Positive Review: Starlux Game’s “Capture the Flag Redux”

This article contains commentary which reflects the author's opinion
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The Trouble With Most Games Today

I honestly think many of the problems we see in our country today are caused by the fact that kids are not playing dodgeball, capture the flag or red rover anymore. These games taught strategy, technique and planning but are now seen as “too physical.” The result has been a generation of kids who have spent more time playing sports on their phones and other devices than playing with their friends. This has led to weaker networks, less impromptu planning ability and even physical problems for children.

This is why when I saw Starlux Games Capture the Flag Redux, I knew it was something that I had to take a look at. As always, we start off with the score for story.  While Capture the Flag Redux (CTFR) does not have a formal story, there is a good point to be made here. Capture the Flag does not need a story, because the kids who are playing get to make up the story.

Invent Your Own Game

Whether they are knights going between castles, soldiers going between battlefields, or unicorns looking for magic gauntlets, CTFR gives kids the opportunity to use their imaginations. This is not the norm for many of today’s toys. This is an important item for childhood development, therefore we award 6.5 points out of 10 to CTFR for the non-story encouragement imagination in children.

There is a modern, sleek element to the game design’s artwork. The blue vs. green dynamic is functional in the twilight of the evening and the bright red markers for the boundaries are a good contrast. This has a good look to it and gave a space adventure feel to the game.  I did find that the bands are a little tight on adults when we were playing with the kids (alright we played a game just adults), so an extension would help.

The only other knock that I saw is the rule prohibiting throwing the orbs (flags). This does hold back the strategy a little bit, but makes sense as you could not throw the flag in the original game. This nets CTFR a score of 7.5 out of 10 for art/design. The mechanics were an interesting element for CTFR. The elements of the game are similar to the classic game. 

Game Description and Strategies

There is enough of a twist to the game that increases the difficulty. Hiding was a big part of regular CTF, but with the bands (which you are not allowed to cover), you cannot do this. This means that your team needs to have a rush strategy and outmaneuver the other team.  Once again this moves the game forward into the digital age where players know where each other are at all times. The mechanics are classic, but the few modifications results in a net score in this area is 6 out of 10.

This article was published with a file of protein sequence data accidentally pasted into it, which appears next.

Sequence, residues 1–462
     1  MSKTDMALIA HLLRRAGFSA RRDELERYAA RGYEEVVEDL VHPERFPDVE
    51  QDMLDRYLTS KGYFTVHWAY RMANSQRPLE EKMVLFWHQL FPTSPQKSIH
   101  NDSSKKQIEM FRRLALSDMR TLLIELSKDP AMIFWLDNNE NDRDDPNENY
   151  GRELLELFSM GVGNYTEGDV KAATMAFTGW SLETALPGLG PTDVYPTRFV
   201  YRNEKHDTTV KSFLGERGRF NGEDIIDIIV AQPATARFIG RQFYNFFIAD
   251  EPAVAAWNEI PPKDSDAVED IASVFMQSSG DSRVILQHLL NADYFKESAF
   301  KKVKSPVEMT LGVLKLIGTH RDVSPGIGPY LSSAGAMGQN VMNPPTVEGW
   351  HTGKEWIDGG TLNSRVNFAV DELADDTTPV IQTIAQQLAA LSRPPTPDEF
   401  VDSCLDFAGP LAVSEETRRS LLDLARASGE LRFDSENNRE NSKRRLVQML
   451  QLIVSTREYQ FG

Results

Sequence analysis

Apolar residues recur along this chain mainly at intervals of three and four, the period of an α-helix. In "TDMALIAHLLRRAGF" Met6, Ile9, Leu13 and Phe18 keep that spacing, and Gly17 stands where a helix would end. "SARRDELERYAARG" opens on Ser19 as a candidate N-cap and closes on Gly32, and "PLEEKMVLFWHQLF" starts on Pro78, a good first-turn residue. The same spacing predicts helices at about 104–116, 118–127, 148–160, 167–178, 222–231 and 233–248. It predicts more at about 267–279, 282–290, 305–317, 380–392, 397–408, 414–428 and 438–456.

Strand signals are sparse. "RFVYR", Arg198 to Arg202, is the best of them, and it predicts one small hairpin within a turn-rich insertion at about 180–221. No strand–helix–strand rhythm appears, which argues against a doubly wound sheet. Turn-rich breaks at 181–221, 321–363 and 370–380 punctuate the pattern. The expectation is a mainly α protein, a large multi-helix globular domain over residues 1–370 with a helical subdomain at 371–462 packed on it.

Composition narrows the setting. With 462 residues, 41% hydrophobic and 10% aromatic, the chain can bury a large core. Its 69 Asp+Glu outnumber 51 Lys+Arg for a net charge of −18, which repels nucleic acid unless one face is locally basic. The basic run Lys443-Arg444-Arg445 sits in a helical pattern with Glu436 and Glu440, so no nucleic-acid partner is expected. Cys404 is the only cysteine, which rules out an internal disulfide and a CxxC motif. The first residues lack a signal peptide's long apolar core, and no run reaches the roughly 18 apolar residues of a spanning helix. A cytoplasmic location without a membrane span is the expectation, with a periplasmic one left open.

Strategy is one of the greatest elements of classic CTF, which is not lost on CTFR. As noted above, the glowing bands take hiding out of the strategy, which is something that I am sad to see go. However, the addition of the “no guard” rule (15 feet or yards) really enhances the game. If you were playing classic CTF, once it was down to 1 on 2, the larger team just had one player guard the jail and the other guard the flag. 

Unless the “1” was very quick, the game was basically over. With the distance rule, the “1” only needs to penetrate a radius of 30 feet to get in. While this is tricky with the bands, it is doable and adds a level of balance to the game that CTF was lacking. For this reason, we give an 8 out of 10 for strategy.

Finally, novelty. CTFR has some great elements that augment the classic CTF, which should not be understated. This game is fun even though classic CTF has been around for seemingly forever. The question is whether the game is novel or not, and in this category, CTFR came in with a below average game score of 5 out of 10. This game took a classic game and made it better, but it still maintained the elements of the classic game.

Even though the novelty was average, the kids loved the game and that makes it one you should have when you want to let the kids run wild outside (you also have an advantage – you can easily find them with the bands on). With an overall raw score of 33 out of 50, CTFR comes into the market with a very strong score. Everyone who played the game had fun during the testing and the kids loved the bands and glowing elements.

One of the best things about the game is that the “light-up” elements are not “glow in the dark” which means that when everyone is done, they are still bright. This makes clean up easier. For this we award a bonus point for good planning to Starlux. As a result, the final score for this game is 34 out of 50 with the recommendation that if you have kids who still want to have friends they actually talk to, then you should have this game in your collection. 

Author Profile

Dr. Christopher W. Smithmyer
Dr. Christopher W. Smithmyer
Dr. Christopher Smithmyer is a writer for NRN, the Vice President of International Affairs at Brav Online Conflict Management, and an Adjunct Professor of MBA Business at Doane University. He is also part of the founding team at BlackWalletLTD, one of the leaders in stable coin 2.0 ecosystem maintenance. Dr. Smithmyer’s focus is international business and finance, along with reviews of board games, weapons platforms, and survival items.